ST. LOUIS, Missouri (Reuters) - Over a 23-year professional career there is little in the golf world Tiger Woods has not seen or courses he has not played.
But this week will provide a rare new experience for the 42-year-old as he prepares for the 100th PGA Championship and his first competitive round at a steamy Bellerive Country Club.
Named for Louis St. Ange De Bellerive, the last French Governor in North America, the club was founded in 1897 and they have been playing the “Green Monster of Ladue” at its current location since 1960.
A visit to Bellerive does not trigger happy memories for Woods, though, with injury and tragedy having conspired to keep him from challenging the leafy parkland course.
In 2008 when Bellerive hosted the BMW Championship Woods was dealing with knee injuries and in 2001 the World Golf Championship was canceled due to the events of 9/11, Woods recalling how a contemplative 17-hour drive home to Florida changed his outlook on the sport and life.
“I literally haven’t set foot on this golf course since that week in 2001,” said Woods, following a rain interrupted practice round on Tuesday. “Didn’t get up here pre-British Open, and yesterday I took the day off.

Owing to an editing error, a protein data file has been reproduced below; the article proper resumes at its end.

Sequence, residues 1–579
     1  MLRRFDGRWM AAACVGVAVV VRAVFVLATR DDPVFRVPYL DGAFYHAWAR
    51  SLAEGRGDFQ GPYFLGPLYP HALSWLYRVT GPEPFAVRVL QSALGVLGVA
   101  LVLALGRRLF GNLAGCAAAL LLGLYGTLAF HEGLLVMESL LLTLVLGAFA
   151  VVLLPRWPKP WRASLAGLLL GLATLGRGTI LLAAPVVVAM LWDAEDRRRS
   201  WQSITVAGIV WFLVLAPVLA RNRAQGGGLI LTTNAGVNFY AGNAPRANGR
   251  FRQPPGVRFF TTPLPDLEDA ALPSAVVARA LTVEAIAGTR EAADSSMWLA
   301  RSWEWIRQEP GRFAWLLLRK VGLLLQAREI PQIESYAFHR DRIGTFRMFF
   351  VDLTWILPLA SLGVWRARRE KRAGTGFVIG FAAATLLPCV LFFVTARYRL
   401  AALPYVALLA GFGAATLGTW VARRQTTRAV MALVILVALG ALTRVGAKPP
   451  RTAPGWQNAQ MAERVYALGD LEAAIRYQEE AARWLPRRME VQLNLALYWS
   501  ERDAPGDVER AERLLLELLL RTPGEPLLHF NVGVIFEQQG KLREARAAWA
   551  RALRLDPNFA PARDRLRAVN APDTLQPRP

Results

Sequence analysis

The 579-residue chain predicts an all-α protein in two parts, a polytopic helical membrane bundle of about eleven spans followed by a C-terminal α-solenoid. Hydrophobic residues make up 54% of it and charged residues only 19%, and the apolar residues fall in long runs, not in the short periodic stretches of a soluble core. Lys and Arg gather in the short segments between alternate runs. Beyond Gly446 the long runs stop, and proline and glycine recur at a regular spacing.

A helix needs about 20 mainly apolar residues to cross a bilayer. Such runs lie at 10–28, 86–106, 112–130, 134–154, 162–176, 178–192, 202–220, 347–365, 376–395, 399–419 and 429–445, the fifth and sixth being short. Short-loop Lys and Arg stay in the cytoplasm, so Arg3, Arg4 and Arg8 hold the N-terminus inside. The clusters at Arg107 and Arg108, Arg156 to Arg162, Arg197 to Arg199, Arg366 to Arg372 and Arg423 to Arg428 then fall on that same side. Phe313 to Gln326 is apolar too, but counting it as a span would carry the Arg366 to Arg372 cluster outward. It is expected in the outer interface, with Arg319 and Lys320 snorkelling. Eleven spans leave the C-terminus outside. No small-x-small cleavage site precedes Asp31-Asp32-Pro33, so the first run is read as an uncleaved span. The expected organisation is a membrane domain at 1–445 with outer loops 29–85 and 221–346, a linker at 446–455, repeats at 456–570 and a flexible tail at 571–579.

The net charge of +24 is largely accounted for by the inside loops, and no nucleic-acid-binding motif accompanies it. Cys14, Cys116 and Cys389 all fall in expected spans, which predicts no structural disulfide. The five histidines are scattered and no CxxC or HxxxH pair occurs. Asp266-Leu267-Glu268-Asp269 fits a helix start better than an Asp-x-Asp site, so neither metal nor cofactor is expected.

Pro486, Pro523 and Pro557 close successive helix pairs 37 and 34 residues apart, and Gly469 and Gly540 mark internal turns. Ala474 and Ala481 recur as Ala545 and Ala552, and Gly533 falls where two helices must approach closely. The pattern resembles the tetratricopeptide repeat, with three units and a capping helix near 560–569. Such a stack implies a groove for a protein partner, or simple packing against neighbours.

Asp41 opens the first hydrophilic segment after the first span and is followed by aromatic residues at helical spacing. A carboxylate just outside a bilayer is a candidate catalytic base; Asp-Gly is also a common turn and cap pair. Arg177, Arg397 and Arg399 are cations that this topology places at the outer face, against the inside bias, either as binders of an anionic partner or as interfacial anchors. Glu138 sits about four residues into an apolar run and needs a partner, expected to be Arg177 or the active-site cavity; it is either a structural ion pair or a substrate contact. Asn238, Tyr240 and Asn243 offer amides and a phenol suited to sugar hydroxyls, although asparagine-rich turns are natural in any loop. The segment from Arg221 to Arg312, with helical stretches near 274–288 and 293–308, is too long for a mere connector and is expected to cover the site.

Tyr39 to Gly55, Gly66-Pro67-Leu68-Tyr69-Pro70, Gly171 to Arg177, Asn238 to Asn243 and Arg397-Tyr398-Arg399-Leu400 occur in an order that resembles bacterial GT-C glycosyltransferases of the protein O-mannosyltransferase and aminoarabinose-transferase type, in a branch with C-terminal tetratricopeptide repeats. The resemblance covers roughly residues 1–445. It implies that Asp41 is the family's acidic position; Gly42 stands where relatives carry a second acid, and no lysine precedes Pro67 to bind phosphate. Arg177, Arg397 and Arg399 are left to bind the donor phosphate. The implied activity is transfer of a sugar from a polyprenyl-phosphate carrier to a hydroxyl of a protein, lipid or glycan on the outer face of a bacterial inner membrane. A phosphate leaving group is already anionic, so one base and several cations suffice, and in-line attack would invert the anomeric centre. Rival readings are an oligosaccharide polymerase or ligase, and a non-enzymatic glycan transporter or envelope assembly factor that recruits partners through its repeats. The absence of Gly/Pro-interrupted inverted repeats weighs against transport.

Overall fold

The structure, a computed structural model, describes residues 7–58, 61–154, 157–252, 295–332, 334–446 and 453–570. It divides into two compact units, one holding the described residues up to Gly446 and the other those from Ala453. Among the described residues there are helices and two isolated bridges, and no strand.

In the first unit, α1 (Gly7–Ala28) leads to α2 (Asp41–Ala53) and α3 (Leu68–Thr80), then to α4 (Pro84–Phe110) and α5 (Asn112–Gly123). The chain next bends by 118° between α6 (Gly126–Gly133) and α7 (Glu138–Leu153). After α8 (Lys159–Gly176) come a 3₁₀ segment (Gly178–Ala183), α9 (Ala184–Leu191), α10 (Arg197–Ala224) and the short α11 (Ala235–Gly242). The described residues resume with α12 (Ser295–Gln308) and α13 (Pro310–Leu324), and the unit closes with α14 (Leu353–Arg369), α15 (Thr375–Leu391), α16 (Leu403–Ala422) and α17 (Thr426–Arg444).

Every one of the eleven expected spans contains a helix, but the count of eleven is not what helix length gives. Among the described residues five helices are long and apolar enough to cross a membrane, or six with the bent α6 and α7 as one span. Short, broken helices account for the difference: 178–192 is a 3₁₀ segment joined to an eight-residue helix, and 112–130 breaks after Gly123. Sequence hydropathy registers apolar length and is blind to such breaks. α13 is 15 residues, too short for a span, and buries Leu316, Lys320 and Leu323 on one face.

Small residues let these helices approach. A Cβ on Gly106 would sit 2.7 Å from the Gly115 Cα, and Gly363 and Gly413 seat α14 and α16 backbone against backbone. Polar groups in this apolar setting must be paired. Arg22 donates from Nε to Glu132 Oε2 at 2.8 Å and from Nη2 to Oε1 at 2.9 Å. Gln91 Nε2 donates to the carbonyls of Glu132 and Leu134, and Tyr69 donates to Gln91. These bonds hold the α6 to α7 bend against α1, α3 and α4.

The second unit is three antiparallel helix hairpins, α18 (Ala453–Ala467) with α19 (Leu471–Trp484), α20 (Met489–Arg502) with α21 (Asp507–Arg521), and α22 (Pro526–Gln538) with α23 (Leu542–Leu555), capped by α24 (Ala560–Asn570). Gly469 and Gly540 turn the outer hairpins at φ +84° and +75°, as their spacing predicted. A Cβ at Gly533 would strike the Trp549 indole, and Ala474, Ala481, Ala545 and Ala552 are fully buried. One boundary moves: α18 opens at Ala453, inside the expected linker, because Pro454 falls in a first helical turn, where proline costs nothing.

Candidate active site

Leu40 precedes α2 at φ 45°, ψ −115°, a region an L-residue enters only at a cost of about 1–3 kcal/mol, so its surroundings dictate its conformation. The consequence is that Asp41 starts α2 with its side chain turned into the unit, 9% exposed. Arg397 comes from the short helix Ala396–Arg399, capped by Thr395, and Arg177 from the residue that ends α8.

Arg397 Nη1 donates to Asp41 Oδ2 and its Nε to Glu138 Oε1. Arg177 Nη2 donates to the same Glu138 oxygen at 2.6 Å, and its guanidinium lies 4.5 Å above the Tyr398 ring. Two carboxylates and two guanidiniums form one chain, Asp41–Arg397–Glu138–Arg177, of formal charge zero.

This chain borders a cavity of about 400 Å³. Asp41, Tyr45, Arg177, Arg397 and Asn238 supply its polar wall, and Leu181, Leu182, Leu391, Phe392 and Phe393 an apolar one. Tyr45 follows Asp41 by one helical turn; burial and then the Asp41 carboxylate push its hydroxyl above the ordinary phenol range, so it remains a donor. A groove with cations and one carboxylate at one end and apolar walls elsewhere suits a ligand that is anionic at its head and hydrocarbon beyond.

“So today we only got in five holes and didn’t really get a chance to see a whole lot.
“I’ll have to do some more homework tomorrow and get a good feel for what’s going on for the rest of the week.
“I was recovering from a surgery in 2008 and we all know what happened in 2001.”
With 79 career PGA Tour wins and 12 international victories, Woods has shown that he possesses the ability and skill to win on all manner of courses and in any conditions.
But a closer look at his haul indicates the former world number one has his happy hunting grounds with nearly half of his PGA titles plundered from five courses.
He has eight WGC victories at Akron’s Firestone Country Club, eight from the Arnold Palmer Invitational at Bay Hill in Orlando, seven at Torrey Pines, five Memorial titles at Muirfield Village and four Green Jackets from Augusta National.
While familiarity can breed success Woods insists that this week form and conditions will be more important than experience.
Seeking a record-equaling fifth PGA Championship and his first major since 2008, Woods arrives in St. Louis fit and confident after an outstanding run at the British Open title three weeks ago where he finished in a tie for sixth spot.
“Right now it doesn’t really favour anyone because it’s playing so soft,” said Woods. “If anything, it favours a guy who hits the ball high because we’re not going to get any run, it’s not going to dry out the rest of the week.
“It’s going to be hot, it’s going to be wet and, fortunately, I’m one of the guys who hits the ball high and gets the ball up in the air, and you just need to get the ball out there.”
Editing by Ken Ferris